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Pregnancy Care in Scotland

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Family Nurse Partnership

Family Nurses are specially trained to help mum understand all about her pregnancy and how to care for herself and her baby. She will visit regularly during the pregnancy and then after the birth until her baby is 2 years old.

Any mum under the age of 26 will be offered the family nurse service as an alternative to the Health Visitor Service when she is seeing the midwife. It is the patient’s decision which service they would like to access. The family nurse partnership will send a letter to the GP confirming when a patient and her child are under their care.

They will share lots of info and discuss pregnancy, giving birth and looking after babies and toddlers, helping them prepare and deciding what is right for her and the family.

Pregnancy visits do not replace midwife care. All Health Visitor duties will be done by the Family Nurse until the baby is 2 years old.

The family nurse visits the baby every week till they are 6 weeks old and then will be offered 2 weekly visits until the baby is 2 years old. This frequency is led by the mum’s request.

Ready Steady Baby! helps you get ready for parenthood by taking you through the whole of your pregnancy from the early symptoms, through the antenatal care you will receive and on to advice on how to get through labour and the birth.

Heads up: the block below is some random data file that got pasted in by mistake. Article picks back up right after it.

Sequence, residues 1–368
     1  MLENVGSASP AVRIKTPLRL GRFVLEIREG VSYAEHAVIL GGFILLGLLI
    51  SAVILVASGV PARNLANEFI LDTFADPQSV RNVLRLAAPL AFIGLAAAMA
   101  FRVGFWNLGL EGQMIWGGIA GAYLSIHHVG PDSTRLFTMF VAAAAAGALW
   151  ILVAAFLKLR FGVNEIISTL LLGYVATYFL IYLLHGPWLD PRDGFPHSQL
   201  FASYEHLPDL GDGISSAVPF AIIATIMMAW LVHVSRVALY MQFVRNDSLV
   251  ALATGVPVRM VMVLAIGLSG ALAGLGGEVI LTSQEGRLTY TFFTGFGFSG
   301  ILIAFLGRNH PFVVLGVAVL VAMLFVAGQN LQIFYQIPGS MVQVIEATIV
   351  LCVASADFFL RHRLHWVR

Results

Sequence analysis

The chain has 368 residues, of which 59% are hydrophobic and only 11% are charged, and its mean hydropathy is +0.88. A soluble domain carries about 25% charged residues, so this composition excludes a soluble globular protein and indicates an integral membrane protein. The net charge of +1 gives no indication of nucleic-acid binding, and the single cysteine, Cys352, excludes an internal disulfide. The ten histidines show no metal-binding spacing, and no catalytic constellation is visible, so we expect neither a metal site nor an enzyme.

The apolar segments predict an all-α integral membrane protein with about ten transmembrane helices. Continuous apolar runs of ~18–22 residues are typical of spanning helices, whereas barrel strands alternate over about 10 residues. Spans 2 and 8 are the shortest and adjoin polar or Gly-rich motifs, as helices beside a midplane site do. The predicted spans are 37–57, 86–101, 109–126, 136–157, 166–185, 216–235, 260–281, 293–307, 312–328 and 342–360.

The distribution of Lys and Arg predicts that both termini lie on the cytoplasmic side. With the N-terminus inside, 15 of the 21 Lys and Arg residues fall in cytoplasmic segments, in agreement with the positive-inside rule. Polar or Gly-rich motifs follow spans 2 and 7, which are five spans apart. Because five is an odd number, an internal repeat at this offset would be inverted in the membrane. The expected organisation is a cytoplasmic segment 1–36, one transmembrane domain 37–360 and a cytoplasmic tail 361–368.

It provides a rough guide on maternity leave and benefits and can help you with the care of your baby for the first 12 months.

Trying for a baby

You’ve made the decision to try to for a baby. This section tells you how to get your body ready for pregnancy to keep you healthy, how to give your baby the best start in life, and how to improve your chances of getting pregnant. 

Your pregnancy

Find out everything you need to know about getting yourself as prepared as possible for becoming a parent and giving your baby the best start. . . 

baby2Labour and birth

Knowing what may happen during labour will help you feel prepared. Labour is different for every woman – and often for every baby she has. Health professionals describe it as being in three stages. Knowing what is likely to happen during each stage will help you plan and prepare for your baby's arrival – something you may feel both excited and nervous about at the same time. 

First days together

In the first few days after the birth, you and your new baby are getting to know each other. There’s a huge amount to learn – find out more about the best way to feed your baby, what practical steps you will need to take, and how you may be feeling.  

Growing together

Being a parent is exciting – but at times you may feel anxious. Here you can learn about what to expect from your growing baby, as well as information on immunisations, postnatal depression and weaning.  

http://www.readysteadybaby.org.uk/

Before you are pregnant

Your pregnancy and labour

You and your baby

General pregnancy topics



 
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